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Study of a Salt Dome Associated Field in Southern Louisiana


Salt domes in the Gulf of Mexico Basin serve as excellent hydrocarbon traps. Structures adjacent to salt domes can be extraordinarily complex. Thorough mapping using all available data types is required to create a precise interpretation of the structure around a salt dome.

This study re-evaluated a previously interpreted structural trap on the north flank of a salt dome in southern Louisiana. After drilling a successful well (well 1) within a north flank fault trap, a second well (well 4) was drilled north of the successful well in an attempt to test a second interpreted fault trap. This offset well was unsuccessful and it became necessary to further study the area before attempting a third well. The original interpretation (Fig. 1) indicated that there was a fault block created by the yellow and pink faults. Well 4 tested this trap with unsuccessful results. Using a 3D prestack time migration volume, a seismic coherency (Fig. 2) rendering of the same volume and well logs from the area, this study yielded a more exhaustive interpretation of the north flank (Fig.3).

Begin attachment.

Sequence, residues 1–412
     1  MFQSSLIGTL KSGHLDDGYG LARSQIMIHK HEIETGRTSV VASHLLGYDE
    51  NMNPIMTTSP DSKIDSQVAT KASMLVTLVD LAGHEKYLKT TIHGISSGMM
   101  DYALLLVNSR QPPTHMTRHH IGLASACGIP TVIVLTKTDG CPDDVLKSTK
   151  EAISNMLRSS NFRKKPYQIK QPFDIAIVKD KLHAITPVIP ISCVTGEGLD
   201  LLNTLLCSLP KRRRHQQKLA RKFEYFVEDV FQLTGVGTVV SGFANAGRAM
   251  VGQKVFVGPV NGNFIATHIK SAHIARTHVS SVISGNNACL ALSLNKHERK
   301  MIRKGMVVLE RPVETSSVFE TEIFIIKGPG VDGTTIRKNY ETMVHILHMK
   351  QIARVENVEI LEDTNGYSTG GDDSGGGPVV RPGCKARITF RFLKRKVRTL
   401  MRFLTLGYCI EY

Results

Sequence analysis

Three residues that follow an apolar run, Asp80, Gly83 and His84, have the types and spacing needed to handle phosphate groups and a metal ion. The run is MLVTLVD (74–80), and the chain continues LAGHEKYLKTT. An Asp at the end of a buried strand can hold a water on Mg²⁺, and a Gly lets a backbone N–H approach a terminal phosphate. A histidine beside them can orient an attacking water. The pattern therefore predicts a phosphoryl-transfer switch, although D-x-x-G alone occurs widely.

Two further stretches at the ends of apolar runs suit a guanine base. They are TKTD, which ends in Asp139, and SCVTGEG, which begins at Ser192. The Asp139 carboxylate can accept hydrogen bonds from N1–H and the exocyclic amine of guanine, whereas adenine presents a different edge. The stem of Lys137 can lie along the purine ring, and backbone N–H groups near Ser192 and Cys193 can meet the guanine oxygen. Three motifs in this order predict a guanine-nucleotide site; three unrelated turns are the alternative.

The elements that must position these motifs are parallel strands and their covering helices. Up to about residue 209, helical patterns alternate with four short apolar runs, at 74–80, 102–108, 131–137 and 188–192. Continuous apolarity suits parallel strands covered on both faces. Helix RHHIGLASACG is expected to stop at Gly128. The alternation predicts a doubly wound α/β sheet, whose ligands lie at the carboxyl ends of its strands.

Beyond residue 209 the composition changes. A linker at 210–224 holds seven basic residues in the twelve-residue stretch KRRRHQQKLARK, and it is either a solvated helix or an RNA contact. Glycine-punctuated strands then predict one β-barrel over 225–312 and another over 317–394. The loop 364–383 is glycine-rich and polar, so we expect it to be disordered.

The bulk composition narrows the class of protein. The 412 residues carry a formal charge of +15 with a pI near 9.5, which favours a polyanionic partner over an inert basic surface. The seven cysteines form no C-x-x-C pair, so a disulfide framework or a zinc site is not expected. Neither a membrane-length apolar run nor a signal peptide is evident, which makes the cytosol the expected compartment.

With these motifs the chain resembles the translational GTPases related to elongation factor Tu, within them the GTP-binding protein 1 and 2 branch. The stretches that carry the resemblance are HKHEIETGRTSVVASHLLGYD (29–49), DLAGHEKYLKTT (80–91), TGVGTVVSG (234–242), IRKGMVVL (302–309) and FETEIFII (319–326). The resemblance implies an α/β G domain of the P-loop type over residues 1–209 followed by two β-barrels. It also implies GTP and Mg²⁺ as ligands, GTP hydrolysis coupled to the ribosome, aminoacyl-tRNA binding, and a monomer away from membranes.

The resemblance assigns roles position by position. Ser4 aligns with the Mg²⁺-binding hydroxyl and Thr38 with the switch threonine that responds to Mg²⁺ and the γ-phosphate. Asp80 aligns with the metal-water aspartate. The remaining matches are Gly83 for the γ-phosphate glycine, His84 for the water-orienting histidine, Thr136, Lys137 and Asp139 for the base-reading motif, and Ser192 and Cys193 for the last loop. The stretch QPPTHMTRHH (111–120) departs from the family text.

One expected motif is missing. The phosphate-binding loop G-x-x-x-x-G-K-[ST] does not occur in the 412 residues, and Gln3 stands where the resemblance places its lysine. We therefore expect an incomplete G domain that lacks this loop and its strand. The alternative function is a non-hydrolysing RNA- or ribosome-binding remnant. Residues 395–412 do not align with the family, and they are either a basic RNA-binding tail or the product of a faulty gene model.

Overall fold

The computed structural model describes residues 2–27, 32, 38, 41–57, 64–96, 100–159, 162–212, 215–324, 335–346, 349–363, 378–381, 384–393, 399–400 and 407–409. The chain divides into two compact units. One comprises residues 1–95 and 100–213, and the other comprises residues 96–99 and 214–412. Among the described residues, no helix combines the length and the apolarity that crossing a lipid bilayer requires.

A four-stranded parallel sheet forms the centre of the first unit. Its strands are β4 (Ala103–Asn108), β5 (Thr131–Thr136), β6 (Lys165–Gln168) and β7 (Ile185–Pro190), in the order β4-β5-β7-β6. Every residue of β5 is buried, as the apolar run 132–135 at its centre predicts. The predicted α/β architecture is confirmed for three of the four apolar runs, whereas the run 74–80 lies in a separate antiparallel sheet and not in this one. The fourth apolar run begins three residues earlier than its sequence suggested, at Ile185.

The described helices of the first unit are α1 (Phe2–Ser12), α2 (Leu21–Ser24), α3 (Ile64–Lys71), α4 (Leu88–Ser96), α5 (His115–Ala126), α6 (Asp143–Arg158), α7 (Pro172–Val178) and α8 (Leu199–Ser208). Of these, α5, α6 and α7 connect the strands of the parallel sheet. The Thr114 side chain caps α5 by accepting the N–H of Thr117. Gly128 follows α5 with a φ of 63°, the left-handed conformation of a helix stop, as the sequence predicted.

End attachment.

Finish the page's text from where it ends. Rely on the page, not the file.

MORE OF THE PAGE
Detailed mapping combining these three types of data found that the original interpretation overextended the faults in the area. The original interpretation created the appearance of a nonexistent fault block, which led to a dry hole. The horizon extracted coherency display assisted 3D seismic interpretation confirmed that the faults were overextended. This conclusion was corroborated by well log cross-sections tied to arbitrary seismic lines through the area. Integration of these datasets led to the determination that the north flank is not as structurally complex as was originally thought. (Fig. 3) The success of the first well was due to a much larger, simpler structure with a thick hydrocarbon column terminating at the salt dome. This comprehensive interpretation of the area has resulted in a proposed offset well with a high probability of finding hydrocarbons.